Plenty Road track maintenance
Read 17-minute stories and join #onboardbookclub
E-Class trams on Route 11 & new passenger info displays - all part of improving Melbourne’s tram network
Infrastructure Tasmania boss Allan Garcia considers new bridge and light rail projects
Nalder finds light rail ‘unviable’
New East Brunswick tram terminus being built in second phase of Route 96 upgrade
Prime Minister Tony Abbott uses ACT light rail project as example of how to fund public transport
Man injured while working on light rail network in Sydney's CBD
Fuel cell tram framework agreement
Adelaide tram drivers to stop work
An extension of Metro’s Gold Line into San Bernardino County may arrive later than expected, and at a higher price, according to a revised financial plan from the agency overseeing the project’s construction.
Right now the light rail route ends in the city of Azusa, but more than $1 billion collected through voter-approved sales tax measures has been set aside to bring the train to Claremont. Further funds from San Bernardino County will pay for tracks to Montclair.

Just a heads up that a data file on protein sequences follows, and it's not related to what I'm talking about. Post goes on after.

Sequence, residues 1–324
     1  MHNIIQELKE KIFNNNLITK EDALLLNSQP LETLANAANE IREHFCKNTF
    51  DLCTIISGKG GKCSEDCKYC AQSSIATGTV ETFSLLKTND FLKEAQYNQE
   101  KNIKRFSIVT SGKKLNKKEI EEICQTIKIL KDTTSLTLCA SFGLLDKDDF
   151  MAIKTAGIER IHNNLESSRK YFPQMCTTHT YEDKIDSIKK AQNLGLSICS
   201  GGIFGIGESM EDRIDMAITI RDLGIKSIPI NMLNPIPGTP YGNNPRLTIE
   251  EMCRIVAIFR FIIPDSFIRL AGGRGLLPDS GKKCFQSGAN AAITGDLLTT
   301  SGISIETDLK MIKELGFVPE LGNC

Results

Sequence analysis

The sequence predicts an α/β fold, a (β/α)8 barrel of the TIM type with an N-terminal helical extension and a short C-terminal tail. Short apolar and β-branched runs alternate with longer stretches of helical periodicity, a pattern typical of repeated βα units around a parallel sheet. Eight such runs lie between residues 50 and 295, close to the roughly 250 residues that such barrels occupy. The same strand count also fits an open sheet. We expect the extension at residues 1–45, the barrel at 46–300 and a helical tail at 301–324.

The 12.3-mile extension was slated to open in 2026, but a report from the Foothill Extension Construction Authority—the agency tasked with building the project—indicates that “a significant unfavorable shift in market conditions” has made it difficult to find contractors willing and able to complete the project in that timeframe.
Construction Authority staff are proposing an alternative plan expected to cost an additional $570 million, bringing the total project cost to $2.1 billion. It would also divide the project into two parts.
This would speed up the arrival of train service to three new stations, in Glendora, San Dimas, and La Verne. The line could begin traveling to these stops by 2024 under the new plan. But service to Pomona, Claremont, and Montclair would be delayed until 2028 or later.
The entire extension is one of 28 major transit projects that Metro aims to complete in time for the 2028 Olympics. Another is the Regional Connector, which will connect the northern portion of the Gold Line to the Blue Line, eventually allowing for single-seat rides between Long Beach and the Inland Empire.
Before pushing ahead under the new plan, the Construction Authority will have to figure out a way to pay for the higher cost of the project. The report presented Tuesday suggests that money collected through the state’s cap and trade program could be one source of the additional $570 million now required.
This article first appeared on la.curbed.com
About this website
Railpage version 3.10.0.0037
All logos and trademarks in this site are property of their respective owner. The comments are property of their posters, all the rest is © 2003-2019 Interactive Omnimedia Pty Ltd.
You can syndicate our news using one of the RSS feeds.